Another problem is more doctrinal: Most Mainline Protestants believe that a person who leads a good life but is not a believer won’t be automatically damned merely because of their non-belief (and Mainline Protestants’ concept of “hell” is often completely different to that of fundamentalist Protestants, too). Instead, a non-believer who is a good person is actually similar to a person who never heard of the god in the first place. That means, adherents say, that their god won’t damn someone merely for honestly disbelieving if they otherwise lead a good life—though that doesn’t guarantee “forgiveness” of that non-belief, and so, “salvation” isn't automatic.

Obviously no one alive knows for sure who’s right and who’s wrong, because unless the god they’re talking about is a sort of Schrödinger's God, it can’t both exist and not exist. So, we can’t know whether honesty and integrity really matter more than pretending and pretense, but all things being equal, being honest and living with integrity must be the better option.

It’s not about whether the lack of proof that any of earth’s thousands of gods and goddesses did or do exist is a good reason for lack belief. Instead, it’s that, for some, proof is irrelevant, and those who don’t accept belief based on faith alone must be punished in this life. It’s what leads to repressive regimes, the oppression of those with different beliefs, forced conversions (in which the victims are really making a Pascal's Wager, since personal safety is the motivation for their newly professed belief), and genocide.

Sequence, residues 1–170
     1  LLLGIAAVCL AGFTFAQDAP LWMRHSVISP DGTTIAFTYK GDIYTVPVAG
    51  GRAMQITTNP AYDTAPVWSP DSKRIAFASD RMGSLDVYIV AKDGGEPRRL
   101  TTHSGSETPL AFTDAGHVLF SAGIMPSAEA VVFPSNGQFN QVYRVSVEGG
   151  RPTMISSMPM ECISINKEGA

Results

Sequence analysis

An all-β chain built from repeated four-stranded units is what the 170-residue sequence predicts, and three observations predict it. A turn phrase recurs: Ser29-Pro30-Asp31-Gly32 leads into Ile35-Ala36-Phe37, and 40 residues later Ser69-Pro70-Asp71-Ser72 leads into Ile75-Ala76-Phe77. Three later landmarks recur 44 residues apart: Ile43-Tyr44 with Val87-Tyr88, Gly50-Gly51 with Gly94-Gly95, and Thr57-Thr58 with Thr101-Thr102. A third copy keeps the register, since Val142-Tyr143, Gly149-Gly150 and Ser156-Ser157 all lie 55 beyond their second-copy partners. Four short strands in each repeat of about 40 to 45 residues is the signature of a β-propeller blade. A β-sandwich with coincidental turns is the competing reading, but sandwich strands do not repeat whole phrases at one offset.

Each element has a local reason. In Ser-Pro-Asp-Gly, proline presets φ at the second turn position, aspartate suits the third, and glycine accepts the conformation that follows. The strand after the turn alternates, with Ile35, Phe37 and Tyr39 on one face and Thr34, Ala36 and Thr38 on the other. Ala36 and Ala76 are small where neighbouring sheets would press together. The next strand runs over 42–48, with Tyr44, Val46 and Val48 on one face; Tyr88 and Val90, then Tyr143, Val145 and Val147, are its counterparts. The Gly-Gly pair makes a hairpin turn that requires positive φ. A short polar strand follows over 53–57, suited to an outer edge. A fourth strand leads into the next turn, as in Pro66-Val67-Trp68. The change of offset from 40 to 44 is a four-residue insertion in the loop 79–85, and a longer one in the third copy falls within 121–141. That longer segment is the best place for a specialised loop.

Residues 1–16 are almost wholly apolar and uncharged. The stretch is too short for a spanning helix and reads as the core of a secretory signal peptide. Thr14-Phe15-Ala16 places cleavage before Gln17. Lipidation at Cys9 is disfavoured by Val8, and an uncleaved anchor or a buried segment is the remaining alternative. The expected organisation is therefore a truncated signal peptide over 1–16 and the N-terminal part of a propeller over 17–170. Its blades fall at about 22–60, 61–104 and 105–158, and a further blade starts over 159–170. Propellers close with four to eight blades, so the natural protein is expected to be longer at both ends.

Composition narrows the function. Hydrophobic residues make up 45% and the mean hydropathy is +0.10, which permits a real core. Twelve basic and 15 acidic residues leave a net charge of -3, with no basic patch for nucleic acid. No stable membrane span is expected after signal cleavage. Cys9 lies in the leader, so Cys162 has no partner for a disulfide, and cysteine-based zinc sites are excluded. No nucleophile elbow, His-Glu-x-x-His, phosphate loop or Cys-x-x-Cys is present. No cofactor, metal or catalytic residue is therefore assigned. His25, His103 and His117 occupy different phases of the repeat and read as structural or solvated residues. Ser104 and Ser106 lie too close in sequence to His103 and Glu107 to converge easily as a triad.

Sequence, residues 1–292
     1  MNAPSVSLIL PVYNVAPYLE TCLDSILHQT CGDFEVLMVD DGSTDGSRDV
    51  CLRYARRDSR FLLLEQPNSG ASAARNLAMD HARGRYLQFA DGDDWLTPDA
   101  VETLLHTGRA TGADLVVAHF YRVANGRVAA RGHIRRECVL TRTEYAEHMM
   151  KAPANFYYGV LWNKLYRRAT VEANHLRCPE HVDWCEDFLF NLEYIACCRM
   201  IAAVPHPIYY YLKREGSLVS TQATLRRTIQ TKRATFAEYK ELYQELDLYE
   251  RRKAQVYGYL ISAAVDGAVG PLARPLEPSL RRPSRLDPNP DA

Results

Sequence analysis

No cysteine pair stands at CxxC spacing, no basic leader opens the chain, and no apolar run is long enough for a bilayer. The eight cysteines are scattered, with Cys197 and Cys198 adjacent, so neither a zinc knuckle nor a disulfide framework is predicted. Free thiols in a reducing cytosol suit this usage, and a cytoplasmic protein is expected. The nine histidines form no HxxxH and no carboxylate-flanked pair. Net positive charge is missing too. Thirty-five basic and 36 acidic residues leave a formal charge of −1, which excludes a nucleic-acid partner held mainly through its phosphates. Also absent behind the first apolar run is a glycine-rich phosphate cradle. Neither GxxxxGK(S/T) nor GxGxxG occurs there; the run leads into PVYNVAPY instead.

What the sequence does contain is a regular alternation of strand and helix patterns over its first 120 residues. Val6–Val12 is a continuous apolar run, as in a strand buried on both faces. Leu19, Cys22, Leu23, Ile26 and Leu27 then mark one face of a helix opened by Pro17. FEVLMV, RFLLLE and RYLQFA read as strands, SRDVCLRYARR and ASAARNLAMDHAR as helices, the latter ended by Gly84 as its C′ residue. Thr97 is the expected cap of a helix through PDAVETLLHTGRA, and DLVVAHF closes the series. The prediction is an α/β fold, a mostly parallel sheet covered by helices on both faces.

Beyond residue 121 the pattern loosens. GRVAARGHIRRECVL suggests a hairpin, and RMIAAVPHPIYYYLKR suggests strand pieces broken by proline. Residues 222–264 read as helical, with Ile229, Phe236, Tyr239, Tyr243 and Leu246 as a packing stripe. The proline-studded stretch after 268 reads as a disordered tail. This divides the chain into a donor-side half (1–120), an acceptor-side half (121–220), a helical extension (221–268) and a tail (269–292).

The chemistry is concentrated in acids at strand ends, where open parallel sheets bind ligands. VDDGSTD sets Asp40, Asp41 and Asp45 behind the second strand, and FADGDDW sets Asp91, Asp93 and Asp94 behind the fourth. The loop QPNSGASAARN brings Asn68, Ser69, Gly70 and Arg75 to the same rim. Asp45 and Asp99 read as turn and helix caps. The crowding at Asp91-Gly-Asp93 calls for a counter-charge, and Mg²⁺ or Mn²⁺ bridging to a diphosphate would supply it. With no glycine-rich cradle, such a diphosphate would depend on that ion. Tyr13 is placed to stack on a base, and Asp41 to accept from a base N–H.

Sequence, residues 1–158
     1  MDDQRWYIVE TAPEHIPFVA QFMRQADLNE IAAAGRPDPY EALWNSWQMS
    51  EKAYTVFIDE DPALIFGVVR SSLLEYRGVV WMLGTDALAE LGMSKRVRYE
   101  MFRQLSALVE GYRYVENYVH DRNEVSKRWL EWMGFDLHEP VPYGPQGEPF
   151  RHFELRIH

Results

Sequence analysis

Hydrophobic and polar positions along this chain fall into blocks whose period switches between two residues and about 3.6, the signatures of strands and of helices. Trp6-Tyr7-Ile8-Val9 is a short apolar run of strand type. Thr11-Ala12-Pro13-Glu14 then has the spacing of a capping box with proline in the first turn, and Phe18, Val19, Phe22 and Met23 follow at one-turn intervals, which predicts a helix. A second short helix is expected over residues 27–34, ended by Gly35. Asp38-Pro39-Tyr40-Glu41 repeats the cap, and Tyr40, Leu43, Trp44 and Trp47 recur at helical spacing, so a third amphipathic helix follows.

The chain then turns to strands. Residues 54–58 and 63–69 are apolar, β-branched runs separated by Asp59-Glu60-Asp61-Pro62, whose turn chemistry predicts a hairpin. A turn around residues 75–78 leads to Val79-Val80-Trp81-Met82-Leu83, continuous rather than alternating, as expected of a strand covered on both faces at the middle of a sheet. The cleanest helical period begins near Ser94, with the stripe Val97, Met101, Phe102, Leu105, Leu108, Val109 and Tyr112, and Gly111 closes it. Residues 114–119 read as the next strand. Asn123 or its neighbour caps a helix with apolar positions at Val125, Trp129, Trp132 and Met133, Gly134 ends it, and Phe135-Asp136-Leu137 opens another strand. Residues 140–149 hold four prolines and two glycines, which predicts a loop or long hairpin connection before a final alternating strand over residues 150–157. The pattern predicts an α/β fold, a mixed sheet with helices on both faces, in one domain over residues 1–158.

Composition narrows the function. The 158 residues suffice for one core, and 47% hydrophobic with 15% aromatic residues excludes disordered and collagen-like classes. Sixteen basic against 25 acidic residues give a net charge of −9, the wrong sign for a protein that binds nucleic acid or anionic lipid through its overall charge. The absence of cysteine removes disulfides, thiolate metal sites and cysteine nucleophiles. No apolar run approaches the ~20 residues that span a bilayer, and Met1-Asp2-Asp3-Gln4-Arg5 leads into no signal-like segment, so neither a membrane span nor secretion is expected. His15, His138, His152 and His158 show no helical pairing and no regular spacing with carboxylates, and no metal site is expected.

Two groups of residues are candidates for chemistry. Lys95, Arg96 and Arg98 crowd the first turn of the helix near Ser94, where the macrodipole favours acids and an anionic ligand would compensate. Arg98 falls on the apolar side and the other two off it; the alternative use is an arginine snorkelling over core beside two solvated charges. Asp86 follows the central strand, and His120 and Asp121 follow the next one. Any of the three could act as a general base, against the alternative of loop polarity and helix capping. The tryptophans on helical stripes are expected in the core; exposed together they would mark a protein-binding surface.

In a perfect world, people would believe or not, and that would be the end of the story. But after centuries of religion-based wars and pogroms—and those were just between different kinds of believers!—this problem seems unlikely to ever go away. How we feel about and react to these divisions probably says more about us than the quality of our beliefs, whatever they are.

Personally, I’d rather a person be an honest believer or non-believer. I can respect honesty and integrity even when I don’t share the beliefs, but I’d find it very difficult to trust someone whose professed beliefs are based on a silly “better safe than sorry” bet. Trouble is, how can we be sure of the sincerity and honesty of someone’s beliefs unless they tell us?

Most of the time, a person would never actually tell us their religious beliefs are based on a Pascal’s Wager. Today, for the first time in my life, I saw someone use that as an argument that others should adhere to the same religious beliefs as that person making the argument. I doubt it persuaded anyone, but it sure destroyed that person’s credibility in a hurry, and seeing that happen in that way was definitely unexpected.

Wednesday, February 06, 2019

Not watching

I posted the above on the AmeriNZ Facebook Page, and it reveals a secret: I don’t watch the State of the Union address. In fact, I haven’t for a very long time. I have other ways to keep up with it that don’t involve participating in the political theatre, and I prefer it that way. This is an evolved state of affairs.

When I was younger, I watched the address live most years. I can (vaguely) remember watching Nixon, as well as Ford, Carter, Reagan, Bush the First, and Clinton. I moved to New Zealand during President Clinton’s first term, and that’s what started to change things.

Because of time zones, the State of the Union address is broadcast during the afternoon New Zealand time—during working hours. So, there was no way I could watch it live for many years after arriving here.

As the Internet got better, so did the opportunities to experience the speeches after the fact. Eventually it was possible to read the text online, and in April 2005, Apple’s iTunes added formal support for podcasts. The televised speeches of the then-president, Bush the Second, were distributed as video podcasts, so for the first time I could easily watch the State of the Union speeches.